Online/distance learning Phd in business

Discussion in 'Business and MBA degrees' started by Melhemjs, Dec 1, 2017.

  1. Phdtobe

    Phdtobe Well-Known Member

    Feesbigger textbigger textdefault text sizedsmaller textsmaller textVUZF - UniversityStudentsPhd Programs
    Annual educational fee for doctoral students in regular, part-time and individual form of education:

    • Bulgarian citizens – 3200 BGN;
    • Foreign citizens of the EU and the European Economic Area countries – 1600 EUR, if the training is in English – 3200 EUR;
    • Foreign citizens of countries outside the EU and the European Economic Area – 3200 EUR.

    Doctoral students have the opportunity for deferred payment of taxes by individual plan.
  2. Johann

    Johann Well-Known Member

    Thanks for the info, Phdtobe. One problem. Are we sure this is distance education? Does "individual form" really include DL or mostly DL? Don't really want to live there, for the duration of a degree, though Canada will kindly send my basic Old Age and CPP pensions to wherever in the world I reside - I checked. And "deferred payment of taxes" - that won't apply to our Canadian taxes, will it? Now THAT would be a game-changer! BTW- fees seem reasonable (3200 Euros/yr) but SA is considerably less, last I heard -and DL is definitely available there.

    By the way - Per Aspera ad Astra - isn't that also a Canadian Forces motto? ...No, I guess that's Per Ardua ad Astra - pretty much the same thing - by (overcoming) difficult things (we go) to the stars. Latin I can do. Bulgarian - not so much. :smile: Maybe I should try Romania - their language is largely Latin-based.

    Last edited by a moderator: Dec 14, 2017
  3. Stanislav

    Stanislav Well-Known Member

    Well, my biggest reservation about VUZV is that it is a private university. If Bulgaria is anything like Ukraine, and I suspect it is, private schools are perceived locally a lot like for-profit ones in US: expensive options for those not smart enough to get into much cheaper public school. Besides, I bet I can find a Ukrainian program for less.
    It does appear that you can study there in English. Bulgarian is Cyrillic-based slavic language, and heavily influenced Russian (through Church Slavonic, a language of sacred texts and liturgy in Russian church to this day; it is based on a direct ancestor of Bulgarian). As a result, I usually can figure out what a page in Bulgarian says.
    Here is another program:

    It is most definitely in English. I glanced at one dissertation, and it looks like rather flawless English. Tartu is a public school that looks to be top, or one of the top, in Estonia. Doctoral students are charged NO TUITION! Estonia is another East European country, but at least on paper much more successful than Bulgaria. Caveats: it has just a few PhD graduates a year; the program appears both selective and rigorous. Also, it is not clear whether it can be done solely by DL. What we do know is that one of Robert W. McGee's 11 doctorates is from there; likely this means some flexibility.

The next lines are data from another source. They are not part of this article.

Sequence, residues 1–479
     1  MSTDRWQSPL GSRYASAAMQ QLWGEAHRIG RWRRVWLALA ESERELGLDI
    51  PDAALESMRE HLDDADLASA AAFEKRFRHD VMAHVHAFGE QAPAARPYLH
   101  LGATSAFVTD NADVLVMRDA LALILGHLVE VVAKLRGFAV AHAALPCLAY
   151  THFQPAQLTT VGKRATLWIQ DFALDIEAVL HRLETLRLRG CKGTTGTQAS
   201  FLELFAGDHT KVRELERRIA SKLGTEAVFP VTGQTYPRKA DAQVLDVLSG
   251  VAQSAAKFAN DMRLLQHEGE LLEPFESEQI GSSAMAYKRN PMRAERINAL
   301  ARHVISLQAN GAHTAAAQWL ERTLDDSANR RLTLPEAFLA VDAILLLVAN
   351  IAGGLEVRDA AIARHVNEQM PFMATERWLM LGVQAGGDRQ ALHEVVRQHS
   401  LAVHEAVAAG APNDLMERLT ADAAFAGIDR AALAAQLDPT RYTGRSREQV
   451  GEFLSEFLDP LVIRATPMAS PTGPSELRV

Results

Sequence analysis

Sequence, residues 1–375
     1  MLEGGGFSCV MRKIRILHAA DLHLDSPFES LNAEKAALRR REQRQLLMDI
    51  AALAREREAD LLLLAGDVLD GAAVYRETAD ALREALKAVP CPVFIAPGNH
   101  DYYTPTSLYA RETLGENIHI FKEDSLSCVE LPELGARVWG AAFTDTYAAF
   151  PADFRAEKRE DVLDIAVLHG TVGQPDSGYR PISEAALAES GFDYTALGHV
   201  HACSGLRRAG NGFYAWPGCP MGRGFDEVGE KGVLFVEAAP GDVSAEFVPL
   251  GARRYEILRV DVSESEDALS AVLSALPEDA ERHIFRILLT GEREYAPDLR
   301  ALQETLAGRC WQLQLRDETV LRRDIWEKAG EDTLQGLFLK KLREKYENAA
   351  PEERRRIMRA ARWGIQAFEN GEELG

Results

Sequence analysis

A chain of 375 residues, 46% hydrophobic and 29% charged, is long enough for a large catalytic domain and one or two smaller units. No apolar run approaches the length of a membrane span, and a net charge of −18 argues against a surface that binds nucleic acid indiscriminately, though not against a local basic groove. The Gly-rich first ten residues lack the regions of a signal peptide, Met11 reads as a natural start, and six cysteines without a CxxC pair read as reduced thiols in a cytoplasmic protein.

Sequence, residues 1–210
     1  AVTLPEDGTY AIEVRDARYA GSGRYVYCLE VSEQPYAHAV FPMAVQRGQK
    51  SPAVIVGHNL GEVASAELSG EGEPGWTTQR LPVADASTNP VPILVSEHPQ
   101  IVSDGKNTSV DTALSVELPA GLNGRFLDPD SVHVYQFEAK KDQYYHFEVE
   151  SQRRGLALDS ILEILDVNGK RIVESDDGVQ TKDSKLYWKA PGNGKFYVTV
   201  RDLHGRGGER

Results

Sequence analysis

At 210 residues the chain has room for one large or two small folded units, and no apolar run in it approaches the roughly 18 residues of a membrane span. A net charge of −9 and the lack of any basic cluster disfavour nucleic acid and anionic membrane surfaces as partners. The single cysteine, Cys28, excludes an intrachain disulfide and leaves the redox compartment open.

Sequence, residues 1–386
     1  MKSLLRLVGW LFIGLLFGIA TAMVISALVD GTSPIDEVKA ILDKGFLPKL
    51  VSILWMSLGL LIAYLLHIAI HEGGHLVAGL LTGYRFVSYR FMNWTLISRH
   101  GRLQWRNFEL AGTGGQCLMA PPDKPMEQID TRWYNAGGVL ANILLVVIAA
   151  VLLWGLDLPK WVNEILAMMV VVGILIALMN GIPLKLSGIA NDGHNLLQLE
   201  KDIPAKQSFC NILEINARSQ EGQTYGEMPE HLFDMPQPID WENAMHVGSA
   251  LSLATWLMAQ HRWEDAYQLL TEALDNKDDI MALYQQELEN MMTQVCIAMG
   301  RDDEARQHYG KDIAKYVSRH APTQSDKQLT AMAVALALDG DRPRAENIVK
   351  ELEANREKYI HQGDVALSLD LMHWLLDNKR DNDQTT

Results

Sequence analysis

4. Johann

    Johann Well-Known Member

    Yes, I'm confident you can, Stanislav! :smile: I've at least seen Church Slavonic, while taking high-school Ukrainian at night in the late 80s. I think the Ukrainian word is Глаголича or similar. Don't claim to understand it at all, though I once worked its transliterated Russian form, Glagolitsya into a short story I wrote about Rasputin and Empress Alexandra of Russia.

    Romanian I can decode, due to its mostly Latin origin. It switched from Cyrillic to Roman alphabet in the 19th Century. My "decoding" is not as good as reading - it's much slower. Not good enough for Romanian doctoral (or any) studies, I'm sure. Likely WAY below your ability with Bulgarian. Mulțumesc (thanks) anyway. Interesting post.

  5. Stanislav

    Stanislav Well-Known Member

    Well... Romanian does use Latin script. However, the national language of Moldova (a post-Soviet nation) is Moldovan, or Moldavian - which is, literally, Romanian in Cyrillic. Same exact language, different alphabet. So you can enjoy both.

    Ukrainian for "Church Slavonic" is ""Церковнослов'янська мова". "Глаголиця" is the name for the first alphabet Sts. Cyril and Methodius created for Old Macedonian/Bulgarian/Serbian "Old Slavonic" language that became Church Slavonic. I am not a linguist, but I suspect Church Slavonic is a Slavic language heavily influenced by Greek grammar, making the Bible and the Divine Liturgy easier to translate. Cyrillic alphabet beat out Glagolitsya eventually, and modern (well, so to speak) Church Slavonic texts are printed in (archaic) Cyrillic.